Another advantage is definitely our partnership with Klinicare. We have a small section in their Lorraine branch which has aided me a lot in getting to know what clients in the city are looking for.

What would you say are the three key traits of a successful entrepreneur?

Being positive. If your personality does not do well with the unknown, then you will find being an entrepreneur very stressful. 

Being hard-working. Often people leave their 9-5 job to become an entrepreneur because they think they will work fewer hours, but that could not be further from the truth. I love what I do because my hours are flexible, I am able to be with my children when they need me and when I want to, but for me to do that I work when everyone else is sleeping.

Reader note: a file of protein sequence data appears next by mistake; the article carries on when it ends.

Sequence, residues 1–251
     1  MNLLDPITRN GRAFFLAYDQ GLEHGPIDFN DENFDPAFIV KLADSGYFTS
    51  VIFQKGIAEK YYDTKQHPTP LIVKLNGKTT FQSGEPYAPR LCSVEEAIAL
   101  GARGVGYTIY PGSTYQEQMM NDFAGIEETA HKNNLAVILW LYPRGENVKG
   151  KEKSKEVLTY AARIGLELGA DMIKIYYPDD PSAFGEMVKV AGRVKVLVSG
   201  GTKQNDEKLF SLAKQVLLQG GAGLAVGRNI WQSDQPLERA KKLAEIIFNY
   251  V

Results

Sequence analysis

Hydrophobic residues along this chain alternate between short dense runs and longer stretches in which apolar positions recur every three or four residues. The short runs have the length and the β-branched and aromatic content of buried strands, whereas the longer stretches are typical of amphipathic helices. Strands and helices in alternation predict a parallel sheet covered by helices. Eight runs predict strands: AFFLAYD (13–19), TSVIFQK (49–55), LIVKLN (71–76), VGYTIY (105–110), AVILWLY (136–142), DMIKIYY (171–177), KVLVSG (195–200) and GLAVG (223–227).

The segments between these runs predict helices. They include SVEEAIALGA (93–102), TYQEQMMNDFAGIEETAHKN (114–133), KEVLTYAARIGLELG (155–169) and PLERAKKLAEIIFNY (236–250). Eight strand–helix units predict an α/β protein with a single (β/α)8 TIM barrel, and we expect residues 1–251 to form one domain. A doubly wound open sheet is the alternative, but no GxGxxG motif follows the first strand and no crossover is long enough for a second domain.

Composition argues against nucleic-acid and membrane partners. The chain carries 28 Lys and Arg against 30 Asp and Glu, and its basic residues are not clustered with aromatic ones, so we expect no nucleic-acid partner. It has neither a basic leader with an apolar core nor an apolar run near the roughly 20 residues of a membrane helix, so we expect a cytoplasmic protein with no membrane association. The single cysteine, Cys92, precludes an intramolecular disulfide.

Being a good leader. You mirror what you want your company and its employees to be and look like. 

What would you say are the key traits of a successful employer?

Being approachable, showing appreciation and being fair.

What do you wish people knew about your industry?

I really wish people knew how my heart feels every time they support my business, I feel hopeful, happy and relieved every time I see an online order coming through and every time someone walks out our store with a package in hand, with each purchase I am thankful because I know I will be able to pay salaries and rent and keep my business running.

There’s no 35-year-old mom doing a happy dance when you purchase from a large chain store, but believe me, I can show you my dance!

We did a survey last year and found that by buying something from our brand, you are directly supporting eight other businesses and indirectly supporting about 100 South African households.

Now doesn’t that make you feel like doing a happy dance as well?

HeraldLIVE

subscribe

Would you like to comment on this article or view other readers' comments? Register (it’s quick and free) or sign in now.

Speech Bubbles

Please read our Comment Policy before commenting.